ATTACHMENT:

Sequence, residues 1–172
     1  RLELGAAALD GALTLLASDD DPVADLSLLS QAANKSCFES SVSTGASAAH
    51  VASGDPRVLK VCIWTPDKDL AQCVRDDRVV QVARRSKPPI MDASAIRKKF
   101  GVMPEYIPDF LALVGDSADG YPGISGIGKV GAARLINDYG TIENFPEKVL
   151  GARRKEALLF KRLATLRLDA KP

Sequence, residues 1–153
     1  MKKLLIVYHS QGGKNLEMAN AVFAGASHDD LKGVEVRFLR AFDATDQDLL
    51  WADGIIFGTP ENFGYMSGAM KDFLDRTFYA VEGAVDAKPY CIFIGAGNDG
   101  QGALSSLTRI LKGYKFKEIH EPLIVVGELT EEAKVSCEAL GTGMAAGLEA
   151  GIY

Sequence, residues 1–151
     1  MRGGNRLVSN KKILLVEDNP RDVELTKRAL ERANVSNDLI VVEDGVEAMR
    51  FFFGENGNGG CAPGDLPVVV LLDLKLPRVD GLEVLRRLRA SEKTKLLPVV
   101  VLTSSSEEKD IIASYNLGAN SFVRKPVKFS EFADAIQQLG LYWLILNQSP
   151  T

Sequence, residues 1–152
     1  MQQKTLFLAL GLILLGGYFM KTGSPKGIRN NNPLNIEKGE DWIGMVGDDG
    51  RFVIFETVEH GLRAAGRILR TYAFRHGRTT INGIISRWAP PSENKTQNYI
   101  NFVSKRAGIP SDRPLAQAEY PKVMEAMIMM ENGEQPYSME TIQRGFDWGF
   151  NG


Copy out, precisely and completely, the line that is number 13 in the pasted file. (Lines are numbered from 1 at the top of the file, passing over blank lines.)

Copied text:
    51  FFFGENGNGG CAPGDLPVVV LLDLKLPRVD GLEVLRRLRA SEKTKLLPVV